This year we have gotten a little bit more brazen with our tailgates: more beer, liquor, speakers for music, games, etc. With that, GTS has tried to work with the administration and the security guards to keep everything in line. We have helped with power washing the breezeway, talked to the security guards throughout the party, swept melting ice to the drains so it doesn’t run in to the school and so on. It is upsetting when there is ever an incident with people not following the rules, especially from alumni of the school. Here are a few facts: some of you may have noticed that we had a different guard this past tailgate who was also running late. When he arrived there had been cups left inside the building, a coke can used to prop open one of the side doors, and trash in one of the hallways. GTS has been working to clean everything up (all in the background) while still keeping the party going outside. It doesn’t help when a young alumni strolls in to the building with disregard for the few rules we have, drinking some kind of beer and Malibu concoction and believing he is above the set rules. Who do you think was more aware of their senses and obligations at that time? A guard or someone drinking a terrible mix of alcohol?

Port-o-Potties cost money that we don’t have, unless we cut back on beer and food, or raise dues (again). I refuse to even entertain the thought of hiring a bathroom attendant. Is it that difficult to follow the rules that have been sent down? I would argue that Mr. Love was asking childish in not respecting the request of the security guard placed on duty for Saturday. Take your drink outside and return to the building, like man, and don’t respond by finishing your drink instead of listening to the request.

I wonder if Mr. Love realizes how good we have it every game day. Tailgating at UT is a cut throat game if you don’t have an established place. Most people walk around with cases of beer, the engineering school sits under trees by their school, a lot of undergrads party off campus, and the spots by the Texas History Museum are claimed for the day before the game! We’ve been having a great time this year and have a few more surprises for everyone as our season moves forward but we have to follow the rules that are in place or future LBJ classes will have to fend for themselves on the 40 Acres.

I think Mr. Falcon eloquently explains how my friend Rob – who incidentally had no business really even being in the building, so I’m confused by his militancy – is endangering a situation produced by agreement between parties simply to make a point. (I’m also confused what the 5th amendment has to do with a security guard.) It is a decent encapsulation of how militant libertarianism tears at the social contract and is often comes off as no more than someone not liking being told what to do by “the Man.”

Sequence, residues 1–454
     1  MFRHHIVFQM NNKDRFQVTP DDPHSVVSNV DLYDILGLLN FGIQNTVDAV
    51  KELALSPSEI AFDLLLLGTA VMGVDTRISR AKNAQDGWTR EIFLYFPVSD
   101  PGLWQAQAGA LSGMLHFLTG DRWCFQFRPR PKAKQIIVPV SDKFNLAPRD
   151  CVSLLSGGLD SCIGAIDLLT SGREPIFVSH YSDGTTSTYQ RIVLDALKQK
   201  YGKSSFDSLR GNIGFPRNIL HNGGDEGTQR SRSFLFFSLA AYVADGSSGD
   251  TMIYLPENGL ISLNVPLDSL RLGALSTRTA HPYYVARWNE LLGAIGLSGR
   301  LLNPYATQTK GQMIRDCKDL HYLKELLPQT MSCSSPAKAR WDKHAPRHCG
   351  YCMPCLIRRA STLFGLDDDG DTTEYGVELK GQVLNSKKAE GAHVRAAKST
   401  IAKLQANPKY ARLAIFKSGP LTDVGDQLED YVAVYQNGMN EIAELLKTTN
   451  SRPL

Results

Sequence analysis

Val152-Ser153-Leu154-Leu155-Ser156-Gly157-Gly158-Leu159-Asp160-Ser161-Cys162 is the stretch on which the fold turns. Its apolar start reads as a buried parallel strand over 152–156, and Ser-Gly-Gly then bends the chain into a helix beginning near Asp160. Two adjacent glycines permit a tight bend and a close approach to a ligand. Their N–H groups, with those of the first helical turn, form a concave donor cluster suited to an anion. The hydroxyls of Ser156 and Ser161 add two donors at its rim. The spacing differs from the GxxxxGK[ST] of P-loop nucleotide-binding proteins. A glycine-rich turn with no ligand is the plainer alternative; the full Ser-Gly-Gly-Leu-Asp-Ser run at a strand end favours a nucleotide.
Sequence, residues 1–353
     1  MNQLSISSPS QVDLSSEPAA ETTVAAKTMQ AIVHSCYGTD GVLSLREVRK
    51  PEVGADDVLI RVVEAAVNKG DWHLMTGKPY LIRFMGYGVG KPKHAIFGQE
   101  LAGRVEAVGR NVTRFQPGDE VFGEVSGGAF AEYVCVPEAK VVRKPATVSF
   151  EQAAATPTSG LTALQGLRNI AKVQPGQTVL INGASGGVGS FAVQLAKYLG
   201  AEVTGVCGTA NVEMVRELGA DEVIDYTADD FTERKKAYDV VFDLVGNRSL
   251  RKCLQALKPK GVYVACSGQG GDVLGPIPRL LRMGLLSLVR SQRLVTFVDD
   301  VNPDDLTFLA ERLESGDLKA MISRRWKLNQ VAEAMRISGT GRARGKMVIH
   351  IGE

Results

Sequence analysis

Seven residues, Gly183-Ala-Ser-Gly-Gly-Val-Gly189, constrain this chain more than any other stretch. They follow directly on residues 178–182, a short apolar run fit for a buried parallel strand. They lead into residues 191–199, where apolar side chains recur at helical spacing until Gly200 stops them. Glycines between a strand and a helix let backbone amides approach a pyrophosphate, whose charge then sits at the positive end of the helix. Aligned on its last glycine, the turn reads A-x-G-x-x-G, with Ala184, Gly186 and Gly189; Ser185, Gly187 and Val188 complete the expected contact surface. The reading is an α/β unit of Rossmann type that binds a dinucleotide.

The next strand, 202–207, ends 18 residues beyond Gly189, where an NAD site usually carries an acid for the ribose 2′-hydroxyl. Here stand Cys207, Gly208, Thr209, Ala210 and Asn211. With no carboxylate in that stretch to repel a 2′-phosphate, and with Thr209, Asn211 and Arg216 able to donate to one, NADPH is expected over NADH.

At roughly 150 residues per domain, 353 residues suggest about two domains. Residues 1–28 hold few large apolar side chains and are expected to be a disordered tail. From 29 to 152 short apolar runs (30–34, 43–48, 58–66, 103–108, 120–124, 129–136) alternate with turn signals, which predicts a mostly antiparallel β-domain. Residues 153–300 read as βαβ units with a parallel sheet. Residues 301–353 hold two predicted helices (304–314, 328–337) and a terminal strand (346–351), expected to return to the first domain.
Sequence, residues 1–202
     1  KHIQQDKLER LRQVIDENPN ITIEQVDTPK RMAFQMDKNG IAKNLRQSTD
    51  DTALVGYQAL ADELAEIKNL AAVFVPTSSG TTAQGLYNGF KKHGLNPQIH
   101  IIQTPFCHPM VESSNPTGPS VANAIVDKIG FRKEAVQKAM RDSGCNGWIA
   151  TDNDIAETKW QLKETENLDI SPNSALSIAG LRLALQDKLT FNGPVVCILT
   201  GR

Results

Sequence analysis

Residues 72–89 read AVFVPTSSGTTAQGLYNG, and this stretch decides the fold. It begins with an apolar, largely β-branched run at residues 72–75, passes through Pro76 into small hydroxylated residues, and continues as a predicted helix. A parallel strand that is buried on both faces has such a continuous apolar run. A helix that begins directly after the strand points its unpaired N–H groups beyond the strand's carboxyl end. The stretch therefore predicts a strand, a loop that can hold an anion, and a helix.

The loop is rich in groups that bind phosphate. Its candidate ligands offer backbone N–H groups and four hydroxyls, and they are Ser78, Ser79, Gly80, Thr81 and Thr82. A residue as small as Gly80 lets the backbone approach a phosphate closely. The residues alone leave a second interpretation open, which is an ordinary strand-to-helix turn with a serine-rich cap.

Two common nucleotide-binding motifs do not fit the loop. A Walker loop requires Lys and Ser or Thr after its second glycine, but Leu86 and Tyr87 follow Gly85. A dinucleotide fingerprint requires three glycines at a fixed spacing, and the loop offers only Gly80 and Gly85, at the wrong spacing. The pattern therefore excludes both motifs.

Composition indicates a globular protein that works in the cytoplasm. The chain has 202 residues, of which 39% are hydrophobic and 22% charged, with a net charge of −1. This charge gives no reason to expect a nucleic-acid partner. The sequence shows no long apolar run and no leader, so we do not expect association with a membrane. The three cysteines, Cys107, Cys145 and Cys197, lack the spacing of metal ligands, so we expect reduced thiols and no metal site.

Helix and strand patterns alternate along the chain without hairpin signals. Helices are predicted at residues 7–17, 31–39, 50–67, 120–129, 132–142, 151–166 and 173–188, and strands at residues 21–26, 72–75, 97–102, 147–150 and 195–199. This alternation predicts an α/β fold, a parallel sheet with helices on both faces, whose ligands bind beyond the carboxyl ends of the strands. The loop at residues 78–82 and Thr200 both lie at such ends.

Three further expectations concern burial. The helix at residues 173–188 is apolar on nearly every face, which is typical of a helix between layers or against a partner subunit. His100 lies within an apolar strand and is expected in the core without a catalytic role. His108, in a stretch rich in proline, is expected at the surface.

As alumni, it’s our place to support the school and the students, not to stick our noses into their business.

I’m actually very disappointed in the Baines Report for printing this op-ed. Surely there were more policy relevant topics than this? If not, I have a great piece about how unjust the world is because those fascists at the Alamo Drafthouse won’t let me make phone calls during the movie.

This article makes our school look petulant, immature and obliviously privileged. If I stumbled upon this as a prospective student and thought that this was the level of policy discourse at LBJ, I would most certainly choose another school. The fact that this article is one jump from the homepage right now is seriously alarming.

I agree, this is a Facebook rant, not LBJ Journal material. However, I reject Connor Kenny’s statement that “this is what is wrong with militant libertarianism does”. That is making a jerk move a political move, and isn’t even really applicable in this instance. In fact, it makes me question Connor’s understanding of what libertarianism even is. If the only people allowed in LBJ during the games are LBJ students, then that is the rule, without exceptions. Libertarianism values property rights above all else- so in this case, the LBJ administration would have ultimate say on who goes in. This response to Mr. Love seems rather foolish, and this whole entry devalues the LBJ Journal and its online presence. There is no policy critique or prescriptions here, just angry, know-nothing twenty somethings slinging idiotic election year barbs. This whole issue doesn’t involve the 5th amendment, Mr. Love. Nor does it exemplify “tearing at social fabric”. Get over yourselves, gents. Stop the pseudo-intellectual bickering and call a spade a spade: don’t be a jerk and use facilities that you don’t have permission to use. If you do have permission, you consent to certain guidelines that the property owner (in this case, UT) lays down.